Much of the work was done in the garage of a friend just around the corner, Bill Fernandez, who was still at Homestead High. To lubricate their efforts,
they drank large amounts of Cragmont cream soda, riding their bikes to the Sunnyvale Safeway to return the bottles, collect the deposits, and buy more.
“That’s how we started referring to it as the Cream Soda Computer,” Wozniak recalled. It was basically a calculator capable of multiplying numbers
entered by a set of switches and displaying the results in binary code with little lights.
When it was finished, Fernandez told Wozniak there was someone at Homestead High he should meet. “His name is Steve. He likes to do pranks like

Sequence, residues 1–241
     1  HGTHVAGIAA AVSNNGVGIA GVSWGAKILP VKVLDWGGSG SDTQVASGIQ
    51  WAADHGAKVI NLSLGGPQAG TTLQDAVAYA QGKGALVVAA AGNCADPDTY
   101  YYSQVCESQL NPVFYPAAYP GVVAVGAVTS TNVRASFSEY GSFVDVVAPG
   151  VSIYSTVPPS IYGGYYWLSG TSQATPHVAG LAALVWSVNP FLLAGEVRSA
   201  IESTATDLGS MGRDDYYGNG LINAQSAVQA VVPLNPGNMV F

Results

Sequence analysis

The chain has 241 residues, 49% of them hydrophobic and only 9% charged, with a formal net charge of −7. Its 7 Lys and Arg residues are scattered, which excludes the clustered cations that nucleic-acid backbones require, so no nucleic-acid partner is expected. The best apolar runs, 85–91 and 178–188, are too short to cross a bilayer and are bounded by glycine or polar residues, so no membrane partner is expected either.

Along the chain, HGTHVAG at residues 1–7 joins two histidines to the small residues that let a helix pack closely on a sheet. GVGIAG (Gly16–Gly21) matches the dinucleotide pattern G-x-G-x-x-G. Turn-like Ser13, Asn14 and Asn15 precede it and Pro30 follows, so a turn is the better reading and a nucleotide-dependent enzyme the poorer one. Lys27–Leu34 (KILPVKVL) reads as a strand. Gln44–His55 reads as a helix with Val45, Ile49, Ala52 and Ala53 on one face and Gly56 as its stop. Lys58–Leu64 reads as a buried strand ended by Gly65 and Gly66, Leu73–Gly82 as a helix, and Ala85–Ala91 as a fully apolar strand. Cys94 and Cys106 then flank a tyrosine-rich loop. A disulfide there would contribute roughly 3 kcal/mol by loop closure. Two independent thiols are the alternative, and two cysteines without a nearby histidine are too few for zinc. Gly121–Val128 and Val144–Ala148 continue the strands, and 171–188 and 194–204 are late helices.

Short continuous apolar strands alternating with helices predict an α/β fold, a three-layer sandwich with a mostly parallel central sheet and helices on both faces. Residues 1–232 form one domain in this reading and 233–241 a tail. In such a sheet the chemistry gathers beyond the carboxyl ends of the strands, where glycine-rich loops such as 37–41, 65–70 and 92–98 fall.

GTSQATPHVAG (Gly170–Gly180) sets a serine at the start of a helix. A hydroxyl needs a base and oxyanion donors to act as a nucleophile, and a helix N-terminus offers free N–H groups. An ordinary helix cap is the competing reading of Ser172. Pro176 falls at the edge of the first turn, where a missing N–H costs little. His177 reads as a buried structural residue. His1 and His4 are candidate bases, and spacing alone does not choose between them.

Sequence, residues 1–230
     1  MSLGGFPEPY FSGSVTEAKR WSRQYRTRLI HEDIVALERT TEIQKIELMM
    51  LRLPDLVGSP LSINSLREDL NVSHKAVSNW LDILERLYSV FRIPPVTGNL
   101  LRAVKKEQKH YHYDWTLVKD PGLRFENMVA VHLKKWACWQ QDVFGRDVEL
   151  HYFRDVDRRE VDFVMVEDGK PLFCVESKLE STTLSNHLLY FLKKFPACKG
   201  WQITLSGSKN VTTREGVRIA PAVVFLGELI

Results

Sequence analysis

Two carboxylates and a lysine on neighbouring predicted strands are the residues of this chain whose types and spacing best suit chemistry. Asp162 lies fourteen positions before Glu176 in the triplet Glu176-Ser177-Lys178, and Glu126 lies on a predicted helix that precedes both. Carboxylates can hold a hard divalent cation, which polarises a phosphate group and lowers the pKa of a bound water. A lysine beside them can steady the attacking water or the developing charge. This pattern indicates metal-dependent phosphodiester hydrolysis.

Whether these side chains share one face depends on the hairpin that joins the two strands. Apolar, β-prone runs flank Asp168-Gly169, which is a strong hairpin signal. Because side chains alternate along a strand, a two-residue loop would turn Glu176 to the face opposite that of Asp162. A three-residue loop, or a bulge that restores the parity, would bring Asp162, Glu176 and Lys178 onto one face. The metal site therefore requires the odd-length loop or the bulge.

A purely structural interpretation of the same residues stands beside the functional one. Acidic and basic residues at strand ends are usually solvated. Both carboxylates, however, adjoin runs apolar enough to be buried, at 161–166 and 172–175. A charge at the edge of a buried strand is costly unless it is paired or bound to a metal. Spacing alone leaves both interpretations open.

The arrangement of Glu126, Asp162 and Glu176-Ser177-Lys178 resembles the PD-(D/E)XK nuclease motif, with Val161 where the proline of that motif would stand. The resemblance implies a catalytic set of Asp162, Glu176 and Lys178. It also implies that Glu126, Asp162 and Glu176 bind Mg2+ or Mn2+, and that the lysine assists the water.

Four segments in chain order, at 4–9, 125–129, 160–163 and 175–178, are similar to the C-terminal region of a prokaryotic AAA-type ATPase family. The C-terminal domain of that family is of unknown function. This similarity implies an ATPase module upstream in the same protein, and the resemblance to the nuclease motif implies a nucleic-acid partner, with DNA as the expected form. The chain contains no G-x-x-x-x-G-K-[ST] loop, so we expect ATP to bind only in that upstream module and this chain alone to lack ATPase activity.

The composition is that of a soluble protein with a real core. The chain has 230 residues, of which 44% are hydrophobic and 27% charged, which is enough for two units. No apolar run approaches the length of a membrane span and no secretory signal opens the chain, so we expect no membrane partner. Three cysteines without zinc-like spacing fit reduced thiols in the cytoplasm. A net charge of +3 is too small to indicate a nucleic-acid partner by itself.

you do, and he’s also into building electronics like you are.” It may have been the most significant meeting in a Silicon Valley garage since Hewlett went
into Packard’s thirty-two years earlier. “Steve and I just sat on the sidewalk in front of Bill’s house for the longest time, just sharing stories—mostly about
pranks we’d pulled, and also what kind of electronic designs we’d done,” Wozniak recalled. “We had so much in common. Typically, it was really hard for
me to explain to people what kind of design stuff I worked on, but Steve got it right away. And I liked him. He was kind of skinny and wiry and full of
energy.” Jobs was also impressed. “Woz was the first person I’d met who knew more electronics than I did,” he once said, stretching his own expertise. “I